Man who claimed to be missing boy Timmothy Pitzen charged with making false statements
A 23-year-old ex-convict accused of pulling a cruel hoax by pretending to be a long-missing Illinois boy was charged Friday with making false statements to authorities.
The FBI said the suspect had twice before made similar claims in which he falsely portrayed himself as a juvenile sex trafficking victim.
Brian Rini of Medina, Ohio, was jailed in Cincinnati on Thursday, a day after he identified himself to authorities as Timmothy Pitzen, who disappeared in 2011 at age 6. The FBI declared Rini’s story a hoax based on DNA testing.
The charge against Rini should send a message about the damage that making such false claims can do, said Benjamin Glassman, U.S. Attorney for the Southern District of Ohio.
“It’s not OK to do it because of the harm that it causes, the pain, for the family of that missing child,” Glassman said.
Glassman said authorities were skeptical early on of Rini’s claim because he refused to be fingerprinted.
More than 50 law enforcement and public health officials helped in the investigation, said Robert Brown, the FBI agent over the Louisville office.
“While this is not the results we had hoped for, the outpouring of victim, law enforcement and community support gives everyone hope that we’ll find Timmothy,” Brown said.
Rini appeared briefly in federal court Friday morning where the charges were explained to him. A detention hearing was set for Tuesday. A message was left with his public defender seeking comment.
Rini was found Wednesday in Newport, Kentucky, “wandering the street and looking confused and in need of assistance,” according to the six-page affidavit from FBI agent Mary Braun.
After identifying himself as Pitzen, Rini complained of abdominal pain and was taken to the Cincinnati Children’s Hospital Emergency Room, the affidavit said. Rini refused to be fingerprinted Wednesday and Thursday but agreed to a DNA test which on Thursday identified him as Rini, according to Braun.
Even after Rini was advised of his rights and warned against making false statements, he continued to insist he was Pitzen and that he had escaped from a hotel where he’d been forced to have sex with men against his will, the affidavit said.
Rini finally acknowledged his identity after being confronted with the DNA results, said he had watched a story about Pitzen on ABC’s 20/20 news program, and had wanted to get away from his family, according to Braun.
Rini said “he wished he had a father like Timmothy’s because if he went missing, his father would just keep drinking,” the affidavit said. A message was left with Rini’s father Friday.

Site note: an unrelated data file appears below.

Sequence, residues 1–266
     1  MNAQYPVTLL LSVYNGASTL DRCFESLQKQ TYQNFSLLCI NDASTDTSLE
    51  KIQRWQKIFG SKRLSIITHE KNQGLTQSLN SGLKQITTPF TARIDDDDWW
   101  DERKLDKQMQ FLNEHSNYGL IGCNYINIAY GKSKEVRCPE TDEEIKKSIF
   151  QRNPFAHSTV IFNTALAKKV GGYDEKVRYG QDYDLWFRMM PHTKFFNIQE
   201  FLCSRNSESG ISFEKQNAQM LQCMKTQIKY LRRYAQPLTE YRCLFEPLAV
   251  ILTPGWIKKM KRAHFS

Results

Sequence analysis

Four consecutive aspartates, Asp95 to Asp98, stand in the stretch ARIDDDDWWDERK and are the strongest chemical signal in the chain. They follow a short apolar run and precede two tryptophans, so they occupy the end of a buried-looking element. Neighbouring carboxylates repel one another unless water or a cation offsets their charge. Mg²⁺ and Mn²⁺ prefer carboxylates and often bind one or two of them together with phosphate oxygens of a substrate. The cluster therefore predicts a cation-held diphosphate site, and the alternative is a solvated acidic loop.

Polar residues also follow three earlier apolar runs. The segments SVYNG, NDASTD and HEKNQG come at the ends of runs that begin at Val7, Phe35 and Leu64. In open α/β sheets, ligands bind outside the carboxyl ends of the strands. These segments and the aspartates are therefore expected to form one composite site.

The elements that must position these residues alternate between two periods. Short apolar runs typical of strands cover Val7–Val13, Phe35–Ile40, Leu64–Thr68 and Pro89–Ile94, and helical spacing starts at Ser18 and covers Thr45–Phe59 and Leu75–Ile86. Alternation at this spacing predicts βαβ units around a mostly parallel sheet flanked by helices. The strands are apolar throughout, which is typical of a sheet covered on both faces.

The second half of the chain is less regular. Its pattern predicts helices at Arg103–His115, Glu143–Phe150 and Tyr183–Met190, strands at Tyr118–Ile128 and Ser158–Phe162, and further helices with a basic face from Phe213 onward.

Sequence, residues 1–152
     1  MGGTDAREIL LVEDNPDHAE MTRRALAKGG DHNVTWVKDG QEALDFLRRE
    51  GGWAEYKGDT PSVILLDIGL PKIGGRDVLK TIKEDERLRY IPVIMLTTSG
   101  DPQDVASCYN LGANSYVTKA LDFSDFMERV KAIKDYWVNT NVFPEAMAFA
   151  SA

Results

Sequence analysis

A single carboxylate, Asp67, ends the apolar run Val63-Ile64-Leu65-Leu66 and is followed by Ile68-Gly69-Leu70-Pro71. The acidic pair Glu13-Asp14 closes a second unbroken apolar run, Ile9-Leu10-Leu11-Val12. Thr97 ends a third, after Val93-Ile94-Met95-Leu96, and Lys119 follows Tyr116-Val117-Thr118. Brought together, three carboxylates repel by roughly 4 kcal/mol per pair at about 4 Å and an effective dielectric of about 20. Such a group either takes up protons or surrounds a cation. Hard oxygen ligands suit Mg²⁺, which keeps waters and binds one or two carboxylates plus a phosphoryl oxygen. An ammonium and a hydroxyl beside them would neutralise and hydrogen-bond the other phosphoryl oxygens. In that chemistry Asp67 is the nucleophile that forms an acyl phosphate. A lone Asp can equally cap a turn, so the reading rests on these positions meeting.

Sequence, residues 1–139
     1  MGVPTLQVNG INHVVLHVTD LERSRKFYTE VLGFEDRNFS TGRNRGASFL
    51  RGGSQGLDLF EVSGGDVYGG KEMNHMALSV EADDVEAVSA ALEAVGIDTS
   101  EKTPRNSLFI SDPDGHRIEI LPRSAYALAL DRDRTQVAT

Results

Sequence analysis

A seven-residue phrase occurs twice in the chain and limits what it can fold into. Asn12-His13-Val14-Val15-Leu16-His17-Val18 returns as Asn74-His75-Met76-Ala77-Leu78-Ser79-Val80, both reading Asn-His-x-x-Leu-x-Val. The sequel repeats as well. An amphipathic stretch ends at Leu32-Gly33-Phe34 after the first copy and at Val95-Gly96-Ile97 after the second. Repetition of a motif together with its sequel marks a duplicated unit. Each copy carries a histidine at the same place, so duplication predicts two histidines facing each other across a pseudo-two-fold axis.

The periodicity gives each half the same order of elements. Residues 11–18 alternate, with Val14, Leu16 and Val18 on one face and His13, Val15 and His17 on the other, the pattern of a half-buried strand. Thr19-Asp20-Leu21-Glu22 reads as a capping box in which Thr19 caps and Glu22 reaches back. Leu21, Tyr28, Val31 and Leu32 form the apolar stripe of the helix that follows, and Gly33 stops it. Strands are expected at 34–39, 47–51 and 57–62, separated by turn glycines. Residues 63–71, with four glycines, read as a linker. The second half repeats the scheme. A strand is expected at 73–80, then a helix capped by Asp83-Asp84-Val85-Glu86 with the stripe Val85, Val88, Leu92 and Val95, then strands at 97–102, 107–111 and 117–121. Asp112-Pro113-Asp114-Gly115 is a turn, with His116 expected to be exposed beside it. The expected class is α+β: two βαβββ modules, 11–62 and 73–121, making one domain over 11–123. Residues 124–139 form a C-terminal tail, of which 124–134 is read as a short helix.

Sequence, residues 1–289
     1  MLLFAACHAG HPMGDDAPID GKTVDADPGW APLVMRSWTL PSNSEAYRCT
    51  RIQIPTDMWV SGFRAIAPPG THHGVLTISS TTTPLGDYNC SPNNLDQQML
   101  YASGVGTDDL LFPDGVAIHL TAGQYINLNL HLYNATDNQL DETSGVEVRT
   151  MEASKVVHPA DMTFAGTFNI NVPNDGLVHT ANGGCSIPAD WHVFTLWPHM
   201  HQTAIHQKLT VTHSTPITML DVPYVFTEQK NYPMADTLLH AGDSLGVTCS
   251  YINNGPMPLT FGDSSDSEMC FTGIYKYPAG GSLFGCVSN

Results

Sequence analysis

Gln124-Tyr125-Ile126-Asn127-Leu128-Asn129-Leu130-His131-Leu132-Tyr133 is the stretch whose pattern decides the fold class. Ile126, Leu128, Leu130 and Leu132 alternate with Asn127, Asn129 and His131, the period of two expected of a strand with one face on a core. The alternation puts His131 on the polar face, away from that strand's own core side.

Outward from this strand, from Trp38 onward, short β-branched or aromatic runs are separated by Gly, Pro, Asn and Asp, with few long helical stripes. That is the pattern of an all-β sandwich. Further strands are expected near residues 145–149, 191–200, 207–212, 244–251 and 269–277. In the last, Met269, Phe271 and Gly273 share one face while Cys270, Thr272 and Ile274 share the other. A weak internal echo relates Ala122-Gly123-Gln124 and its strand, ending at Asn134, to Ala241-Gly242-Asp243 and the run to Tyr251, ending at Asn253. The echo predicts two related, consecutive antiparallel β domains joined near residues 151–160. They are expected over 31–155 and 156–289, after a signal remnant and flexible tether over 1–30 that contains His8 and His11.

An FBI investigation found that Rini had twice portrayed himself as a juvenile sex trafficking victim, and in each case was later identified after being fingerprinted, the affidavit said.
Rini was released from prison on probation less than a month ago after serving more than a year for burglary and vandalism.
In 2017, Rini was under the care of an Ohio health center that provides behavioral health treatment services for those experiencing mental health or substance abuse issues, according to a 2017 court motion in Medina County Court.
Timmothy’s family had been cautiously hopeful over Wednesday’s news, as were neighbors and others who’d long wondered whether he is dead or alive.
“Law enforcement has not and will not forget Timmothy, and we hope to one day reunite him with his family. Unfortunately, that day will not be today,” FBI spokesman Timothy Beam said in a statement Thursday.
Timmothy vanished after his mother, Amy Fry-Pitzen, pulled him out of kindergarten early one day, took him on a two-day road trip to the zoo and a water park, and then killed herself at a hotel. She left a note saying that her son was safe with people who would love and care for him, and added: “You will never find him.”
In Timmothy’s hometown of Aurora, Illinois, police Sgt. Bill Rowley said that over the years his department has received thousands of tips about Timmothy, including false sightings.
“We’re always worried about copycats, especially something that has a big national attention like this,” Rowley said.
Timmothy’s family members said they were heartbroken at the latest twist.
“It’s devastating. It’s like reliving that day all over again, and Timmothy’s father is devastated once again,” said his aunt Kara Jacobs.
The boy’s grandmother Alana Anderson said: “It’s been awful. We’ve been on tenterhooks, hopeful and frightened. It’s just been exhausting.” She added, “I feel so sorry for the young man who’s obviously had a horrible time and felt the need to say he was somebody else.”
Babwin reported from Chicago. Associated Press reporters Carrie Antlfinger in Aurora, Caryn Rousseau in Chicago, Corey Williams in Detroit and Andrew Welsh-Huggins in Columbus contributed.
Start your day right
Sign up for Essential California for the L.A. Times biggest news, features and recommendations in your inbox six days a week.
You may occasionally receive promotional content from the Los Angeles Times.